Apple's New Application Subscription Rules Rile Developers
The tech behemoth’s subscription rules for app developers earlier this year ruffled feathers.
Dennis Morin has spent a year of his life and about $1 million developing an e-reader application for Apple’s iPad and iPhone, devices that run Apple’s iOS mobile operating system. And now, with one little change in its rules, Apple has put him out of business, Morin says.
“It is not possible for anyone but Apple to sell e-books at a profit on iOS under these rules,” says Morin, founder and CEO of BeamItDown Software, which makes an e-book app called iFlow Reader and sells books via its own online store.
Apple’s new rules, announced yesterday, say that developers such as BeamItDown must make their products available through Apple’s own store, where Apple takes a 30 percent cut of revenues. The change will affect companies that make their content—everything from books to movies and videos to TV shows—available to owners of Apple devices.
Until now, Morin and others, like Amazon, have sidestepped Apple’s store by employing a clever workaround—when you click on a button to buy a book, you are taken out of the app to a browser, where the transaction takes place.
Morin says Apple has told him in the past that this was perfectly fine.
“The bottom line is that unless the FTC intervenes, this will put us out of business,” says one developer. “Given Apple’s political clout, this probably will not happen."
But now Apple has changed its tune. Its new policy says that booksellers can keep selling books outside the Apple store, but only if they also make the same books available inside Apple’s store as well.
Thing is, most customers will buy via Apple, because it’s more convenient. And that’s where the problem arises.
Morin says he makes less than 30 percent profit on the books he sells. So if he has to sell via Apple’s store, he will lose money on every book he sells. On a $10 book, he will lose $1.15.
“The bottom line is that unless the FTC intervenes, this will put us out of business,” Morin says. “Given Apple’s political clout, this probably will not happen. But there is no doubt that their practices are anti-competitive. We have a much better e-reader than Apple, but that is utterly irrelevant in the totalitarian world of iOS.”
Even the big guys, like Amazon and Barnes & Noble, will suffer under Apple’s new rules, Morin says. Amazon and Barnes & Noble did not respond immediately to requests for comment. Neither did Apple.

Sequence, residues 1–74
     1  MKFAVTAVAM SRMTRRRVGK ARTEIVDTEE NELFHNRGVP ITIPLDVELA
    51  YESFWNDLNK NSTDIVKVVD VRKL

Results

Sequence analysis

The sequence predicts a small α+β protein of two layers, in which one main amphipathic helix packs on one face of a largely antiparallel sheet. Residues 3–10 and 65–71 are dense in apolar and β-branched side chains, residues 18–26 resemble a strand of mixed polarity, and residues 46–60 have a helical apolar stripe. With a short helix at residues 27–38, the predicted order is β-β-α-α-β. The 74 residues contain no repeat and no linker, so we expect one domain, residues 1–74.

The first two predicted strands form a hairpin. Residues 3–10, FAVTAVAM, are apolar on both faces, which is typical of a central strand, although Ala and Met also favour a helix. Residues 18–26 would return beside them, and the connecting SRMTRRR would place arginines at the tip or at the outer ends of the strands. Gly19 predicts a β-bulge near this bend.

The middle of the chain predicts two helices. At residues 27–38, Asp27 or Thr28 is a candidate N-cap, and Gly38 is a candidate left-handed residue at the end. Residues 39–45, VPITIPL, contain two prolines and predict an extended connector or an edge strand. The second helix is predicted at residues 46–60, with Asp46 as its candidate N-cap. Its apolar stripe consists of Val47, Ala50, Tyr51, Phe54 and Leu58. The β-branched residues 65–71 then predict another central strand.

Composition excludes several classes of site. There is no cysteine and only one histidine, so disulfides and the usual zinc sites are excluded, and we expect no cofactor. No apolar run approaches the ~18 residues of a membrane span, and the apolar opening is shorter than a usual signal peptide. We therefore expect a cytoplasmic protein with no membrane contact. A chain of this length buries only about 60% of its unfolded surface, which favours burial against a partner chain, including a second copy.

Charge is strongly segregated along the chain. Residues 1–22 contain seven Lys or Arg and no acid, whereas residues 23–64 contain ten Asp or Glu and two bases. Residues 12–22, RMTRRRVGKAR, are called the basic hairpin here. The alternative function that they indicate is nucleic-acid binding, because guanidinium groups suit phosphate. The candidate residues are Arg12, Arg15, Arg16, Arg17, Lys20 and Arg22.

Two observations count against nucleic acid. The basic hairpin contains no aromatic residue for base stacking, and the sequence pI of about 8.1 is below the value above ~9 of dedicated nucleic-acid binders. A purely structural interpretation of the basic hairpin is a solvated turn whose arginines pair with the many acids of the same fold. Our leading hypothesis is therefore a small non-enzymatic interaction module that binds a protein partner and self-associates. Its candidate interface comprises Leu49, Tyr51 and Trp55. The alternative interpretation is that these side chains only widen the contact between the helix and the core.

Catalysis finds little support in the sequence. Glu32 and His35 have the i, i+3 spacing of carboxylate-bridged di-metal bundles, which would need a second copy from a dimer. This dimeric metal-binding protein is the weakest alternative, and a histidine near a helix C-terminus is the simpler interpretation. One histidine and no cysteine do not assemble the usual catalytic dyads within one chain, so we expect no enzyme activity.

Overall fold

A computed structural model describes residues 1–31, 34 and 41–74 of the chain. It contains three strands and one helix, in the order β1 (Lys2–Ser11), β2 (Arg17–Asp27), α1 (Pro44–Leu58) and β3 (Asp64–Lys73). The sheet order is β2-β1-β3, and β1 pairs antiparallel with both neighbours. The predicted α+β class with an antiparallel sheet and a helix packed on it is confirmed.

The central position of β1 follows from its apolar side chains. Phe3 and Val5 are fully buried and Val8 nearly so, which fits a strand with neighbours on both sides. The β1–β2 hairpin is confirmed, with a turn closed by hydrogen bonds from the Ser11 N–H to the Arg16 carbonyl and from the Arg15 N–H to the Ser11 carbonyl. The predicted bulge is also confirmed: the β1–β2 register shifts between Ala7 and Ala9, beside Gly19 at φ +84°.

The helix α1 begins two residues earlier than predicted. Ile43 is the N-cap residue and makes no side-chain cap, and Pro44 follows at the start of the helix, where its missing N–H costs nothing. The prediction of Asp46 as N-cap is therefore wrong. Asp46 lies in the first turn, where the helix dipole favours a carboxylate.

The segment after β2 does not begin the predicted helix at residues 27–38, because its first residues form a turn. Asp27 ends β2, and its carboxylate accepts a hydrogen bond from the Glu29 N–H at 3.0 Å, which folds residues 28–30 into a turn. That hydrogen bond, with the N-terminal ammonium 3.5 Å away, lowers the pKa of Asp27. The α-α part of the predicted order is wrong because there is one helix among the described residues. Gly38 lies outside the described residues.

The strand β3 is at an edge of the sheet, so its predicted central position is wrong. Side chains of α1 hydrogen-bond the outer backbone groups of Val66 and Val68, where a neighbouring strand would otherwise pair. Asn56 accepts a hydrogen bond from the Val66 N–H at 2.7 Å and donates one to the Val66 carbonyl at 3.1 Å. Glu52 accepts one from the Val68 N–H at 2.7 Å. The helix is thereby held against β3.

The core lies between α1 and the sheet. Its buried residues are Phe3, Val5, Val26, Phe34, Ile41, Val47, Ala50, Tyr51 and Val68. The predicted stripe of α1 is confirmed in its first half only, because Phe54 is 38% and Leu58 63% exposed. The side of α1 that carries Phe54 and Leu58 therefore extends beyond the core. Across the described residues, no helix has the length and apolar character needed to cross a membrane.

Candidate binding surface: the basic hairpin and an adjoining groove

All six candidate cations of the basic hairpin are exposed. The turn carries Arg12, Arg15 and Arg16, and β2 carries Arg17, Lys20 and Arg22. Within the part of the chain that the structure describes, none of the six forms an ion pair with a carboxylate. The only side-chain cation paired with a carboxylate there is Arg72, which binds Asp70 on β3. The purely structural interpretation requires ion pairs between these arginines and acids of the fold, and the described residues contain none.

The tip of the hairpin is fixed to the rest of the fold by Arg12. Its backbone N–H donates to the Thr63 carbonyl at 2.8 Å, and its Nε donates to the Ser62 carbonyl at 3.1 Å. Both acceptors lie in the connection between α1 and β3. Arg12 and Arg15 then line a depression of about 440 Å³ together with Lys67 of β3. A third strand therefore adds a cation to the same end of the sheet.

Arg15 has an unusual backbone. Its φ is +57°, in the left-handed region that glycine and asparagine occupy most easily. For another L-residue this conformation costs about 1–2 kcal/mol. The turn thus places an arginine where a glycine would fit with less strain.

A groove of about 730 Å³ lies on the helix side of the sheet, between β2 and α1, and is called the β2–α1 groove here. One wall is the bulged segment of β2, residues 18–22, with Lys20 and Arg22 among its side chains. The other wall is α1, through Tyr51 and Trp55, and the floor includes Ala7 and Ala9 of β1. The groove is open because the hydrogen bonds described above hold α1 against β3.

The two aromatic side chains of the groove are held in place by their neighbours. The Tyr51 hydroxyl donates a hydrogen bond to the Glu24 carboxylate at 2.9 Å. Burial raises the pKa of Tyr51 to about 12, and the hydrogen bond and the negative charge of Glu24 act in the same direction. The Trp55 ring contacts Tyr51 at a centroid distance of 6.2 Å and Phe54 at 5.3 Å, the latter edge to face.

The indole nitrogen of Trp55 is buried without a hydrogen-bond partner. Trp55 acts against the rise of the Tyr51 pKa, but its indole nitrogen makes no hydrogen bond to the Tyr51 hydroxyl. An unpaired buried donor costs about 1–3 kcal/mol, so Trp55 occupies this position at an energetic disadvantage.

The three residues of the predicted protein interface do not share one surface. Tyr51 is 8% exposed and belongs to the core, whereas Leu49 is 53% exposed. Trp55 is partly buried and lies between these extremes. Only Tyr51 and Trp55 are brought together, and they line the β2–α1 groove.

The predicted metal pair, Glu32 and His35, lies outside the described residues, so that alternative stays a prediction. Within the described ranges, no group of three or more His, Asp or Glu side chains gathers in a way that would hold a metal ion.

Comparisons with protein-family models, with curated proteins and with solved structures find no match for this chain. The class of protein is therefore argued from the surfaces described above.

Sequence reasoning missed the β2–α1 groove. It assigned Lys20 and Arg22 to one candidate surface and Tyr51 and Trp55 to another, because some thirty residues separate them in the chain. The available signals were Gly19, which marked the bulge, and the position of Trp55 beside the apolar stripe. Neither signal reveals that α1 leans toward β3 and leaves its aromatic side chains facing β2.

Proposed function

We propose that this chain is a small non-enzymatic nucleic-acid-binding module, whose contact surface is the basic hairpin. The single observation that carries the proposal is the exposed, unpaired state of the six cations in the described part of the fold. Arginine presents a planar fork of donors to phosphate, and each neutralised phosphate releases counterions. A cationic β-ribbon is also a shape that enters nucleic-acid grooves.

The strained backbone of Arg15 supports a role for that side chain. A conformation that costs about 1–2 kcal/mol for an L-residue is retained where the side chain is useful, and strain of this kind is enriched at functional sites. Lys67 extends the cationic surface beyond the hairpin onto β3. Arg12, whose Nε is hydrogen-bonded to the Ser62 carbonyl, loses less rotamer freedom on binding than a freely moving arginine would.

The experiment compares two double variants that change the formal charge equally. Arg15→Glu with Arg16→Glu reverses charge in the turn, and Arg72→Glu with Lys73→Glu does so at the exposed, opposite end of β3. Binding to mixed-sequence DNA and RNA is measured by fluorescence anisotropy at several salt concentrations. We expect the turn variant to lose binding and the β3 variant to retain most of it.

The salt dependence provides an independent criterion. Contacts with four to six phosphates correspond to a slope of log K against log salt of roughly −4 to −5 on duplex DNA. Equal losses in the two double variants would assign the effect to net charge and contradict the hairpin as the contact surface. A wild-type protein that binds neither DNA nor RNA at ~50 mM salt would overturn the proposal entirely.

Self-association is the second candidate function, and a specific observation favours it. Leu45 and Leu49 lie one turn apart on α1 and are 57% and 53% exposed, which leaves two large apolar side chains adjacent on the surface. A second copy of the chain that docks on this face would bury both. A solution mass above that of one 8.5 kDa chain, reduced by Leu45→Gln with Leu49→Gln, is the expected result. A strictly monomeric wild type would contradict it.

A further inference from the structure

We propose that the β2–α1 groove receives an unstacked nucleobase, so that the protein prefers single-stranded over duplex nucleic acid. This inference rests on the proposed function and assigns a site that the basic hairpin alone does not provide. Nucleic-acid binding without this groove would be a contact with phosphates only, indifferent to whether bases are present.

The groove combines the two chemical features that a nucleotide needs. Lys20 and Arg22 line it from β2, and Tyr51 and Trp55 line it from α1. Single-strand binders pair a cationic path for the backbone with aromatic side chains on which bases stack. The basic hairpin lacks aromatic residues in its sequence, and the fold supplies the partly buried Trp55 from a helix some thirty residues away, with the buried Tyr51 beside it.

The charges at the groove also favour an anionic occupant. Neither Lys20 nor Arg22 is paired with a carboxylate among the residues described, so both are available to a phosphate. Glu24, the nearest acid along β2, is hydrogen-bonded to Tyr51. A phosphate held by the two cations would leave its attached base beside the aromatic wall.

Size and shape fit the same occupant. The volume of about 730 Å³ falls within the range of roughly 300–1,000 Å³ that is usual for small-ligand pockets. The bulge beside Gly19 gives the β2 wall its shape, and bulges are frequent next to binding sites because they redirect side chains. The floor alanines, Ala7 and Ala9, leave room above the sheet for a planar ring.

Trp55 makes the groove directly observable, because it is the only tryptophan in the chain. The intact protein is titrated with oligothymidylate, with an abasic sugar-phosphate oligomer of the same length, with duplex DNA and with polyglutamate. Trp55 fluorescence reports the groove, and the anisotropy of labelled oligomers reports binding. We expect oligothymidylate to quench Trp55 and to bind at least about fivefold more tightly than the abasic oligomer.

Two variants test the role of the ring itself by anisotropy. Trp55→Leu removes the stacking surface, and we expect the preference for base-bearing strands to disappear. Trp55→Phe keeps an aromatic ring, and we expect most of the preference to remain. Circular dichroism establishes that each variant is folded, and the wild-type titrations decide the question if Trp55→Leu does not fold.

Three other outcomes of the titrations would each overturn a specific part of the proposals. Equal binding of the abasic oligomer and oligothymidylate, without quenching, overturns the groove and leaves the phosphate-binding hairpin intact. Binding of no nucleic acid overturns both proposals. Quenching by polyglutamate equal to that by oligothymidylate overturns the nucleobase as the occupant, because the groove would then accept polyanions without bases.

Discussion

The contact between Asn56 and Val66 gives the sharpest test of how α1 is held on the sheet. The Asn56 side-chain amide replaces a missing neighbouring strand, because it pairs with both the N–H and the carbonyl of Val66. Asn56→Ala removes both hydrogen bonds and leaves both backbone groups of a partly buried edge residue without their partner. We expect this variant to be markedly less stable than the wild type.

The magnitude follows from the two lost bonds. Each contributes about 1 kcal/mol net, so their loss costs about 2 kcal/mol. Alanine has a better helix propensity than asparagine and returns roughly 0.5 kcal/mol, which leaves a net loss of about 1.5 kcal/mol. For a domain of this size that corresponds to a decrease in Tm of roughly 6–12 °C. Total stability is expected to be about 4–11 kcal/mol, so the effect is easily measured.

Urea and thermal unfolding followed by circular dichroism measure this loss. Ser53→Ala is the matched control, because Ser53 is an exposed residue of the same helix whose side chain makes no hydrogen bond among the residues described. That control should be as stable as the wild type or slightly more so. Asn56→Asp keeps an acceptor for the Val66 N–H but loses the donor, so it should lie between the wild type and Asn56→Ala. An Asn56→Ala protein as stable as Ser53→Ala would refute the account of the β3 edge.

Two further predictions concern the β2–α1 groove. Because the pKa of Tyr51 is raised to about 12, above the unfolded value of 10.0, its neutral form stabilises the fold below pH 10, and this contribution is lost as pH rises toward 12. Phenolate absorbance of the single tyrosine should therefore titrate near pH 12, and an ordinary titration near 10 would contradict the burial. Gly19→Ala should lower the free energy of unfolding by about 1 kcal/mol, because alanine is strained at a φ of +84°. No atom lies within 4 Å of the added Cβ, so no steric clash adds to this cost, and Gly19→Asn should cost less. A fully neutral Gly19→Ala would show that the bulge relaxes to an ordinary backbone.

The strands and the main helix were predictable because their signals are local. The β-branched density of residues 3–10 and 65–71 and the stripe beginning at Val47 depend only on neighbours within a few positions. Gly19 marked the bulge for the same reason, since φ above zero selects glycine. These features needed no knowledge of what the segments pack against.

Worse yet, Morin says, Apple’s new policies will prevent small developers from dreaming up new ideas for the iPad. “This is the death of innovation in e-readers on iOS,” Morin says.
Apple’s new rules also have huge implications for companies like Netflix and Hulu, which sell movies and TV shows via subscription. Essentially, Apple is demanding a 30 percent cut of their ongoing revenues from iPads. That’s the price for making their content available to customers who own Apple devices.
There’s no sense fretting about whether or not this is fair. Apple has a right (and, indeed, an obligation, as far as its shareholders are concerned) to extract as much value as possible from the online ecosystem it has created.
The real question is whether Apple is pushing things too far. If its terms are too onerous, content partners might pull out of the Apple ecosystem, focusing their attention on other mobile device platforms, such as Google’s Android and Microsoft’s Windows Phone 7.
That too may be fine as far as Apple is concerned. It may be, in fact, that Apple would prefer to be rid of competition in books, music and video, where it already sells content. Maybe Apple hopes to create a completely closed environment, where iPad owners can only buy books from Apple’s iBookstore and rent movies from iTunes.
Blogs were buzzing yesterday with the notion that Apple may be heading toward anti-trust charges. The iPad is far and away the most popular tablet computer. But it’s probably too early to say that Apple has a monopoly.
For the government to bring a case against Apple it would first have to define tablet computers as a unique market, and then establish that Apple has a monopoly in that market and has abused its monopoly power.
That campaign could take years to wage. In the meantime, Apple will be raking in billions, and the little guys, like Morin, will be out of luck.
Dan Lyons is technology editor at Newsweek and the creator of Fake Steve Jobs, the persona behind the notorious tech blog, The Secret Diary of Steve Jobs. Before joining Newsweek, Lyons spent 10 years at Forbes.